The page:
By Jamie Friedlander
Nearly 45 percent of ER visits from nursing home residents on Medicare or Medicaid could have been avoided, according to the Centers for Medicare and Medicaid Services.
These ER visits ended up “accounting for 314,000 potentially avoidable hospitalizations and $2.6 billion in Medicare expenditures in 2005,” CMS reported as part of an on-going effort to reduce ER visits with more preventative care.
Northwestern Memorial Hospital in Chicago is one of three hospitals across the country working to lower the number of nursing home residents that end up admitted to the hospital after an ER visit. The initiative is part of GEDI WISE, a Health Care Innovation Award funded by CMS, according to Dr. Jill Huded, a geriatric fellow at Northwestern Memorial Hospital.
Other hospitals and nursing homes across the country are working to lower the rate of elderly patients admitted into emergency departments overall. They hope to reduce the number of ER visits that occur, thus also lowering the number of hospital admissions that happen from an ER visit.
“The number of older adults has doubled in the last decade presenting to the emergency room,” said Huded. “When presenting to the [ER], older patients are more likely to be admitted than their younger counterparts and it’s important to prevent this if possible, because the rates of delirium, cognitive impairment, falls and preventable infections goes up. We’d like to keep them in their environment they were living in previously, if possible.”
The goal of GEDI WISE is to reduce the number of preventable admissions to the hospital, decrease length of stay and reduce preventable readmissions by providing geriatric-specific care to older patients.
In order to do this, geriatric nurses are stationed at the ER at Northwestern Memorial, where they provide evaluations for patients. Then they brainstorm with ER physicians, nurses, social workers and physical therapists to try to make it possible for the elderly patients to go home if they don’t have an urgent medical need.
Potentially preventable emergency room visits can include injuries from falls, symptoms of a heart condition or pneumonia.
Hospitals themselves also pose an increased risk of infection for elderly adults.
Dr. June McKoy, a geriatrician at Northwestern University’s Feinberg School of Medicine, agreed that unnecessary ER visits can be detrimental to this frail older population.
“Change is really hard on older people,” she said. “If you’ve got a bunch of older people in the nursing home who might have cognitive decline, and you send them to a new environment where the lights are always on and there are strange people around, they will move from that baseline to getting worse.”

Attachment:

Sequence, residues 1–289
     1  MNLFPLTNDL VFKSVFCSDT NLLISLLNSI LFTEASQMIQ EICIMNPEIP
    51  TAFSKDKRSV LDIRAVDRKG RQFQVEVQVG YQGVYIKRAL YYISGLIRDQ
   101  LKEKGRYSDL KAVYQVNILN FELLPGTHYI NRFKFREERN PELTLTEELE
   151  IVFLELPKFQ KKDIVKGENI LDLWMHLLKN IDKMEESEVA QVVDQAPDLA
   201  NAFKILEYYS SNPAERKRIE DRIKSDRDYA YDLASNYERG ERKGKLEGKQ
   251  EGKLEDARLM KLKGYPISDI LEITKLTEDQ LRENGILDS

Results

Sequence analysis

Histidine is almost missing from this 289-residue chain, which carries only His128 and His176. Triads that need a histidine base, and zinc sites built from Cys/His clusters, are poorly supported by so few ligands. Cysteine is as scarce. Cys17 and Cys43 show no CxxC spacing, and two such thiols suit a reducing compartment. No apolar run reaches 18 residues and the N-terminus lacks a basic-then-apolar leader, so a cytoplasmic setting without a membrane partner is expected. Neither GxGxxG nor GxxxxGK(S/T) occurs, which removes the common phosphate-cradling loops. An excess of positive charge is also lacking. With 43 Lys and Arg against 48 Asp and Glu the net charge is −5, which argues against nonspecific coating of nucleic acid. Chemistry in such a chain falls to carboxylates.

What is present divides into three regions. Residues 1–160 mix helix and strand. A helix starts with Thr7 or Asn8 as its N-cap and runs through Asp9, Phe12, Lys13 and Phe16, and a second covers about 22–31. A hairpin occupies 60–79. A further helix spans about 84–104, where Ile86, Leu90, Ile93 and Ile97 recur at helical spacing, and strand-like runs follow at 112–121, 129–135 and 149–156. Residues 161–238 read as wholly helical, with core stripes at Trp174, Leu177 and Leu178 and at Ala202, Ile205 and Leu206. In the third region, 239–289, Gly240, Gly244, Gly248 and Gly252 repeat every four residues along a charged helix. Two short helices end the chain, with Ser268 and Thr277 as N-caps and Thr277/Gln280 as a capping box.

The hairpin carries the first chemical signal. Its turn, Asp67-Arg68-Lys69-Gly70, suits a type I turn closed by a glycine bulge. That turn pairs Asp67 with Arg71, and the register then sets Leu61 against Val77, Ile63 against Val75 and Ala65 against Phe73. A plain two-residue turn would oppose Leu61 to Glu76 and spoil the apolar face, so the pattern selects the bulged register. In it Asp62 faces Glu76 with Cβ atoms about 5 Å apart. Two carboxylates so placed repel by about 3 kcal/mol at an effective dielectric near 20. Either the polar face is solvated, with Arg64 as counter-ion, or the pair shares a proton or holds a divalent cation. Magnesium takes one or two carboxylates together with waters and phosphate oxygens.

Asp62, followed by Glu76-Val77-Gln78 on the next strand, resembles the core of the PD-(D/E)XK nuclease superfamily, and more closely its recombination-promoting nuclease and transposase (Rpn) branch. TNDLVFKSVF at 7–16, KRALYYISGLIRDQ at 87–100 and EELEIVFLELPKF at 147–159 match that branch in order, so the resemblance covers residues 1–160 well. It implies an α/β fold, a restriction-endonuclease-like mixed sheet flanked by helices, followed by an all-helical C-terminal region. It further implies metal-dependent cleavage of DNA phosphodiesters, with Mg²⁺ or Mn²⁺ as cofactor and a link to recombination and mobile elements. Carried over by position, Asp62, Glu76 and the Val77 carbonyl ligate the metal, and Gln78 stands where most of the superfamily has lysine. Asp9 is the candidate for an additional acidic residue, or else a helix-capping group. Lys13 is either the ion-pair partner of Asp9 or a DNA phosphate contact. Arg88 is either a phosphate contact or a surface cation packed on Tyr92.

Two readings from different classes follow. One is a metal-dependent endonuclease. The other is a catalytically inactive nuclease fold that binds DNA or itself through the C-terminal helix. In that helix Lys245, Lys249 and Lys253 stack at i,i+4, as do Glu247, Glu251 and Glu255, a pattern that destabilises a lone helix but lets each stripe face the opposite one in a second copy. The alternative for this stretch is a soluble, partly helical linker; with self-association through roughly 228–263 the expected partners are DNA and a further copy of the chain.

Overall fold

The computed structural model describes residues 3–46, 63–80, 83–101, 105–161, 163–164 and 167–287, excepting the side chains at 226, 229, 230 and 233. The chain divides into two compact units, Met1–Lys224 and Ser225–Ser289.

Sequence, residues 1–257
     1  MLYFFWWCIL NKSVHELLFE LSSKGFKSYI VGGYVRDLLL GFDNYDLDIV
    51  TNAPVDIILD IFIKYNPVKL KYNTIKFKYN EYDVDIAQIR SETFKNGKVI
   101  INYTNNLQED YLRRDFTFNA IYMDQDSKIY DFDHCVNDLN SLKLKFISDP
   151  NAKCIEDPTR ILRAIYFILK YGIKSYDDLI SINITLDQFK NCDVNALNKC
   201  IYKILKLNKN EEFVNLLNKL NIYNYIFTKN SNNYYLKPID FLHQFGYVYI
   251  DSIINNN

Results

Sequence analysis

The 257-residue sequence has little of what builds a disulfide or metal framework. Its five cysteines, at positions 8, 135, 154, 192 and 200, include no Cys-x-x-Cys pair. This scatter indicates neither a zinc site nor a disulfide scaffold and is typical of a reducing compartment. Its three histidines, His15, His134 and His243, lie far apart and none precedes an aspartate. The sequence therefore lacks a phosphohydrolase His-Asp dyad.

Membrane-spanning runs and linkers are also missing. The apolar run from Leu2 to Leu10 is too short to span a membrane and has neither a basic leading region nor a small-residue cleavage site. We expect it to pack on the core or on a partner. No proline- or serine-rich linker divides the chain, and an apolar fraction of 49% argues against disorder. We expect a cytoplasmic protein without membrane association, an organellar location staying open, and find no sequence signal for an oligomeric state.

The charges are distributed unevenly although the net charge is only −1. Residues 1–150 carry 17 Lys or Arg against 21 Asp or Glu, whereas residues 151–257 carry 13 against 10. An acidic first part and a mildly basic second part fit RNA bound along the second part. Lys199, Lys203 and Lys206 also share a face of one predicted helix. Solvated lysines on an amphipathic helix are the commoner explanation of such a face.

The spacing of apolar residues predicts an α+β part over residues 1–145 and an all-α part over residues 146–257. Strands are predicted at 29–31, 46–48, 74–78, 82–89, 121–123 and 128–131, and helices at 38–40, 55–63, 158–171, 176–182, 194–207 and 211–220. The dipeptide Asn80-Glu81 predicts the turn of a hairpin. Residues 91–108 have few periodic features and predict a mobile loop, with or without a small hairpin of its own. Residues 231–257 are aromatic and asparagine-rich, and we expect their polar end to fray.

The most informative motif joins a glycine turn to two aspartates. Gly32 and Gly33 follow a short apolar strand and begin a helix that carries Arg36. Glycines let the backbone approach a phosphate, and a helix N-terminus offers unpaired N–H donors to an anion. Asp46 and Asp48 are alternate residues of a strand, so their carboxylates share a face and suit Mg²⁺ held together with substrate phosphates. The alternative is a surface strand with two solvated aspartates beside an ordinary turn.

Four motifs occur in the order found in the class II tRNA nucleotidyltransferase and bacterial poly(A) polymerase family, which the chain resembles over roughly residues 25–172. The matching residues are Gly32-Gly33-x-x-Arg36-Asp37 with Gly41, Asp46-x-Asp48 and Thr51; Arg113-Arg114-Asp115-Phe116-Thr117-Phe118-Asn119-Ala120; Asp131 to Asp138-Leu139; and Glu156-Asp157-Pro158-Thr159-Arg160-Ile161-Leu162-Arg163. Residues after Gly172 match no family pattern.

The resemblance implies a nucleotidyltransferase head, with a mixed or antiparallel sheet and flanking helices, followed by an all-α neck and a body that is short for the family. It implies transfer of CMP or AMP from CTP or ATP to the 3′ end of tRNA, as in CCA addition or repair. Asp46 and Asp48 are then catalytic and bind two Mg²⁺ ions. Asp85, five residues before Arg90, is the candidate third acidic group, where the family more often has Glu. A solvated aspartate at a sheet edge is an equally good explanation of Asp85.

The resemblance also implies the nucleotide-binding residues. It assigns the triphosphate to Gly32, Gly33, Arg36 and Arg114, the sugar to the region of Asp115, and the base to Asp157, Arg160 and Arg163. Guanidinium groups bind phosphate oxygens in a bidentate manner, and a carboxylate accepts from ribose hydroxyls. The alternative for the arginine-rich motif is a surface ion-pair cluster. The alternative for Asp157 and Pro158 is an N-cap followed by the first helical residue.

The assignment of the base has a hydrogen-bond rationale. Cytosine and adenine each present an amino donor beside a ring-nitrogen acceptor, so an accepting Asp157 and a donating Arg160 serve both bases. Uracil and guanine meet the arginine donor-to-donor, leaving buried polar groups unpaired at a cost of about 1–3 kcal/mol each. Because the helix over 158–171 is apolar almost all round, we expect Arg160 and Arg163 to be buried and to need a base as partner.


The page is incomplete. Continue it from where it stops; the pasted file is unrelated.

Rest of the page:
CMS launched an initiative in 2012 to try to lower the number of unnecessary visits that occur in nursing home residents. They partnered with seven organizations across the country in September 2012, including Indiana University, to do so.
Indiana University works with 19 nursing facilities in Central Indiana to try to lower the number of unnecessary hospitalizations. Their project, OPTIMISTIC, strives to reduce the number of ER visits of frail older patients through recognizing medical conditions in patients early, improving communication when transfers to hospitals do need to occur and improving advance care planning for terminally ill patients.
OPTIMISTIC, which just passed its two-year mark (and will run for four years total), deployed specially trained nurses to these 19 nursing facilities to help reduce the number of emergency room visits that occur.
“There are just so many reasons that unnecessary transfers occur,” said Dr. Kathleen Unroe of Indiana University, author of the study outlining preliminary data from the first year of OPTIMISTIC implementation.
The preliminary data for the first year at these 19 nursing facilities shows that 29 percent of transfers to emergency rooms were avoidable, which is a step down from the national average.
“My hope is that there will be value seen in putting these resources in the nursing home and that we will collectively figure out a way to do it over the long-term,” said Unroe. “I think there is an increasing expectation that nursing homes can and should take care of fairly sick and complicated patients and in order to do so, we need appropriate resources.”
Linda Colpron, executive director of Brownsburg Meadows. – one of the 19 Indiana nursing facilities participating in OPTIMISTIC – said early detection is key.
“There’s so much going on in a nurse’s day and the OPTIMISTIC program has really honed us into being proactive and not missing the little signs that somebody might be getting an infection, catching that right away and getting treatment so that they don’t deteriorate and have to go out,” she said.
Rita Gould, an assisted living aid at The Holmstad Retirement Community in Batavia said that most of the time, a fall is what makes a nurse decide to send a resident to the emergency room.
Gould added — on a personal note — that her mother-in-law and father-in-law, who have since passed away, didn’t feel as though they were treated fairly at times because of their older age.
“They definitely felt that because they were getting older, they didn’t quite get the attention or the care that they really would’ve liked,” said Gould.
McKoy said the elderly population is the most underserved medically.
“This is a graying population,” said McKoy. “And the most disparate population on earth is the aged. People don’t see them. They’re there, but people don’t really see them.”